The US National Security Agency is scooping up large quantities of images of people for use in facial recognition programs, the New York Times reported Sunday, citing top secret documents.
The Times said documents, which were obtained from fugitive former US intelligence analyst Edward Snowden, show a significant increase in reliance on facial recognition technology at the agency over the past four years.
The report said the NSA was using new software to exploit a flood of images included in intercepted emails, text messages, social media posts, video conferences and other communications.
It cited leaked 2011 documents as saying the NSA intercepts "millions of images per day," including 55,000 "facial recognition quality images."
The images represented "tremendous untapped potential," according to the report, which said NSA officials believe advances in technology could revolutionize the way the agency finds intelligence targets.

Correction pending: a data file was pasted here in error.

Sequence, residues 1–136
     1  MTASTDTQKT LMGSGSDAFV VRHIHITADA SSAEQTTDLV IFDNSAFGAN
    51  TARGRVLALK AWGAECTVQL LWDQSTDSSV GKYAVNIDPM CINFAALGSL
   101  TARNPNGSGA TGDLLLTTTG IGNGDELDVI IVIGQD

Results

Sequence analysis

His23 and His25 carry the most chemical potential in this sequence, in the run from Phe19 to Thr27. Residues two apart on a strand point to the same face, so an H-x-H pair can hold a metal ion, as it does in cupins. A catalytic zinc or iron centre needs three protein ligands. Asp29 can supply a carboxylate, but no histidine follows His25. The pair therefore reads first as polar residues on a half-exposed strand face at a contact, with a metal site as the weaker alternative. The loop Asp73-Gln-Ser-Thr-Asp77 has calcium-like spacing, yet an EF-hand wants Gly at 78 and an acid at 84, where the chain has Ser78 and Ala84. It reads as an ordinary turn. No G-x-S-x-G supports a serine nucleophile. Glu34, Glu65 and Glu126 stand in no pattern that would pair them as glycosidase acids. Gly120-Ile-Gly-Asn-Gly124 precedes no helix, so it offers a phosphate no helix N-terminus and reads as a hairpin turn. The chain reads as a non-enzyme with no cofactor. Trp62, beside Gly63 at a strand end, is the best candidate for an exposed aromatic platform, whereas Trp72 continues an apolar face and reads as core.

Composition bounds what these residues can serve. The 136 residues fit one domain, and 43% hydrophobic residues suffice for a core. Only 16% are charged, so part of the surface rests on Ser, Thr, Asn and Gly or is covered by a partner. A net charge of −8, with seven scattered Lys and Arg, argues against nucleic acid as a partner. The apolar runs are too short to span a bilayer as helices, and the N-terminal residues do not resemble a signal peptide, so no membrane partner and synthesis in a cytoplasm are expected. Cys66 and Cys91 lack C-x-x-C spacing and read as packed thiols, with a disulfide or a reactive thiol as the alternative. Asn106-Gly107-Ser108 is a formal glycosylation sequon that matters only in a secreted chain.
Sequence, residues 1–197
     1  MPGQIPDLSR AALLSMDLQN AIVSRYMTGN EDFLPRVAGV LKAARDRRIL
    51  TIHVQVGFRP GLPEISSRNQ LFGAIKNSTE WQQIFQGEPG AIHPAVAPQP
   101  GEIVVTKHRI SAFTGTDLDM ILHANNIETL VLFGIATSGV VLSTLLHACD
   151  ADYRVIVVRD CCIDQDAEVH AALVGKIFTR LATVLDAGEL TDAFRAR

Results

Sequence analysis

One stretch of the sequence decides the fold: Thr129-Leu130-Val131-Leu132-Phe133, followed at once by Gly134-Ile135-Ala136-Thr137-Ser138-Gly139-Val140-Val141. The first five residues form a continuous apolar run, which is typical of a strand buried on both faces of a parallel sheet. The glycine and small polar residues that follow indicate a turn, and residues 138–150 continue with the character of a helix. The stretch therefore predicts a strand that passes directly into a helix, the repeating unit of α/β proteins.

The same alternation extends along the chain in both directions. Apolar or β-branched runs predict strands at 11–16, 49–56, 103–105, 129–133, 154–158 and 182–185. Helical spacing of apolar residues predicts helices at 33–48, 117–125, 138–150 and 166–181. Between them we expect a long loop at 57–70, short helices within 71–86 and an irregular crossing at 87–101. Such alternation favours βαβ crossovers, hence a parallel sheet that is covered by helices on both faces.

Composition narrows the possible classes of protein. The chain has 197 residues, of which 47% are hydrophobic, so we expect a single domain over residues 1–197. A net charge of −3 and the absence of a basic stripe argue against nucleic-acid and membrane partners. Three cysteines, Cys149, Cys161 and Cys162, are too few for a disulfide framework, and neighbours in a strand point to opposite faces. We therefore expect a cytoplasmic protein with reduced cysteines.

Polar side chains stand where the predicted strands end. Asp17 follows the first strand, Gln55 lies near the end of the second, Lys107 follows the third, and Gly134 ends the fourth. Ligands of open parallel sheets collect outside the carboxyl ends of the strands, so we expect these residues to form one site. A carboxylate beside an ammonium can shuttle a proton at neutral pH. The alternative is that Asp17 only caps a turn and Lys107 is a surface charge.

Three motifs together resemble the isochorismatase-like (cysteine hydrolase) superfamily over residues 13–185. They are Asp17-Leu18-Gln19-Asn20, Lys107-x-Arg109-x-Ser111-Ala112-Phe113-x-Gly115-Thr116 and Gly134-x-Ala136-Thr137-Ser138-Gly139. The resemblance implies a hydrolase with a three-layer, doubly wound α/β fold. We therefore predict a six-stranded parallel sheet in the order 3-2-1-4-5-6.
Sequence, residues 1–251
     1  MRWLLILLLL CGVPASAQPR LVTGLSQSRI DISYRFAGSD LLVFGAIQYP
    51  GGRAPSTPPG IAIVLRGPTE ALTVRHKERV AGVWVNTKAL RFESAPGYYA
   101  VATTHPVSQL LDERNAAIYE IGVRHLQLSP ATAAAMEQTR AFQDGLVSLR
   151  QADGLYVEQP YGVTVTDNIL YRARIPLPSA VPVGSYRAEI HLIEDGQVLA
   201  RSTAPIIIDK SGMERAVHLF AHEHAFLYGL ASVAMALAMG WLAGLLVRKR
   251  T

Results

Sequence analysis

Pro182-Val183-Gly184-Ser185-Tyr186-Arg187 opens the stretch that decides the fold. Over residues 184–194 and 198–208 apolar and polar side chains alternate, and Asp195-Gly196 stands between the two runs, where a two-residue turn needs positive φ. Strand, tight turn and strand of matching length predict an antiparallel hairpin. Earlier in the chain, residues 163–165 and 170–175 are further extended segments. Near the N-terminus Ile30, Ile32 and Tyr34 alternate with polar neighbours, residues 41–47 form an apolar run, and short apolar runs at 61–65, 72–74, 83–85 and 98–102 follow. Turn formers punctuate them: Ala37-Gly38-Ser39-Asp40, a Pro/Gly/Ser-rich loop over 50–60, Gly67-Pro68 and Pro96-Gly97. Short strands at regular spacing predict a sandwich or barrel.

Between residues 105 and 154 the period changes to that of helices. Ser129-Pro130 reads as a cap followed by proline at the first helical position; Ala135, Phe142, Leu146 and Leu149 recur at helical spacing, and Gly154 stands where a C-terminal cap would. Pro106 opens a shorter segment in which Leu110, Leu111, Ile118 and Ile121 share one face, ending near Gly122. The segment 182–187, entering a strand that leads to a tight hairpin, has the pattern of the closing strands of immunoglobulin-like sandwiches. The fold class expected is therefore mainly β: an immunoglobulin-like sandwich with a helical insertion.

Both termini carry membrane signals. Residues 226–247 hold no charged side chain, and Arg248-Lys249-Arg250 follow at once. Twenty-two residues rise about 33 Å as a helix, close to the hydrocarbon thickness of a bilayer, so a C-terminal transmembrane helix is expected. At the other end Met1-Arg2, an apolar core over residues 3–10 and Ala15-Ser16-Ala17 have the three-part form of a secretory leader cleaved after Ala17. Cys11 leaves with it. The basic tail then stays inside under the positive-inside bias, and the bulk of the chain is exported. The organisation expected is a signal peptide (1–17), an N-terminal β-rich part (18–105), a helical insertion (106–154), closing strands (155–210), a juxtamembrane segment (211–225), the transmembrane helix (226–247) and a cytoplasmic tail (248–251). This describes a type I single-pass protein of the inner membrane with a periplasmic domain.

"It's not just the traditional communications we're after: It's taking a full-arsenal approach that digitally exploits the clues a target leaves behind in their regular activities on the net to compile biographic and biometric information" that can help "implement precision targeting," a 2010 document quoted by the newspaper said.
The Times said it wasn't clear how many people, including how many Americans, had been caught up in the effort, but noted that neither US privacy laws nor US surveillance laws provide specific protections for facial images.
A NSA spokeswoman said, however, that the agency would be required to get court approval for imagery of Americans it collects through its surveillance programs.
The agency has been at the center of controversy over the scope of its global electronic surveillance program since they were first revealed by Snowden in June 2013.
The former intelligence contractor is in Russia, where he was granted temporary political asylum last year.
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